By Shewanda Riley
A few years ago, I wrote about surrendering all to God. Since I wrote those words, God has continually challenged me to take surrender one step further and live a consecrated life. What I’ve learned over the years is that the consecrated life isn’t just one of continual fasting and prayer. I used to think that the consecrated life was like a surrendered life. However, I wanted to be clear what the connection was between surrender and consecration. So, I found an article on www.auburn.edu that explained it beautifully: “Submission is a strong word; consecration, one still stronger. Surrender is cessation of resistance; consecration, a transfer of all we are and have to Christ for active service. It covers person and property, talents and opportunities, and accepts Christ as leader, manager, friend, and Savior–present, active, and efficient in all the details of life.”
After reading that explanation, I better understood the article’s statement about the degrees of consecration and that it was progressive: “Consecration brings new relations, makes new demands, offers new privileges.” We see this in the liturgical consecration services where leaders are elevated to offices of great spiritual authority like Bishops. Consecration means that whatever is set apart goes from being common to being sacred.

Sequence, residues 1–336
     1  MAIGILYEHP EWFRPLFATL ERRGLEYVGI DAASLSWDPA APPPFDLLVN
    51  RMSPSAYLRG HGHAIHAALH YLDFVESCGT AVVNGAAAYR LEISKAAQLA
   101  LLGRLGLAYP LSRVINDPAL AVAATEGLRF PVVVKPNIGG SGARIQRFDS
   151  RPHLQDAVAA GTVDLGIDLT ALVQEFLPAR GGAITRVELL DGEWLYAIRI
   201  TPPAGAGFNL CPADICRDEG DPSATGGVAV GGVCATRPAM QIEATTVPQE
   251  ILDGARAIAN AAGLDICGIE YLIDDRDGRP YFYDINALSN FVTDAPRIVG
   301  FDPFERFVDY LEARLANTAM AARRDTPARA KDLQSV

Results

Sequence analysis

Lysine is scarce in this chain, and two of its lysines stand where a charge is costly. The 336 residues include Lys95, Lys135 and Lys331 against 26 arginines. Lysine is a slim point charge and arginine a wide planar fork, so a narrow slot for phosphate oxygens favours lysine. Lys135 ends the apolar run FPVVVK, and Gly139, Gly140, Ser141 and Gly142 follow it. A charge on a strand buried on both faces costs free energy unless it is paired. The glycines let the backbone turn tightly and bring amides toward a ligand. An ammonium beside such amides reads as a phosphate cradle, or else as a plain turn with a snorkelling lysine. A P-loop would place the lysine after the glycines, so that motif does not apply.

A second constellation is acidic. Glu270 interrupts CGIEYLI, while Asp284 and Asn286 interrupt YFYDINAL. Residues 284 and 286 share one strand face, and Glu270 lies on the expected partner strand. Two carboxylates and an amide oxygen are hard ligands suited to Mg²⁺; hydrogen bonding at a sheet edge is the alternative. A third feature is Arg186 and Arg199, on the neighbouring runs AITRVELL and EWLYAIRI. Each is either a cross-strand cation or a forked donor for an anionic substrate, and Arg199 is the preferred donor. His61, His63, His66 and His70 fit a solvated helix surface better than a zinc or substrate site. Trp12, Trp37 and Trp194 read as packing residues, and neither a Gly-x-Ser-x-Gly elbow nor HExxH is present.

During the 47-day holy season of Lent that starts this week, many of us strive to sacrifice worldly pleasures to have a more intimate relationship with God. Some also see Lent as setting apart our lives for service to God; it becomes a time when our focus is not just on personal sacrifice but seeking ways to give back to God. The biblical story of Hannah is a good example of this.
I Samuel 1 describes how a barren Hannah prayed earnestly for God to grant her a child. Once she had Samuel, she gave him back to God. Verse 26 says, “And she said to him, “As surely as you live, my lord, I am the woman who stood here beside you praying to the LORD. I prayed for this child, and the LORD has granted me what I asked of him. So now I give him to the LORD. For his whole life he will be given over to the LORD.” Once he was born, she did just as she had prayed.
Surprisingly, once we get our miracle or breakthrough, many of us have barely thanked God before we’re asking for another. Even as we focus on repentance, prayer and fasting during this season, we should also think about ways we can give back to God as part of the process of consecrating our miracles. One way we can give back to God is to pledge to return the miracles and blessings he gives to us back to him. God can understand that we want to have “miracles of consecration,” but he might just want us to do like Hannah and consecrate not just our miracles but also our lives.
Shewanda Riley (Aunt Wanda), PhD, is a Fort Worth-based author of “Love Hangover: Moving from Pain to Purpose After a Relationship Ends” and “Writing to the Beat of God’s Heart: A Book of Prayers for Writers.” Email her at firstname.lastname@example.org or follow her on Twitter @shewanda. You can also listen to her podcast at www.chocolateauntiepodcast.com.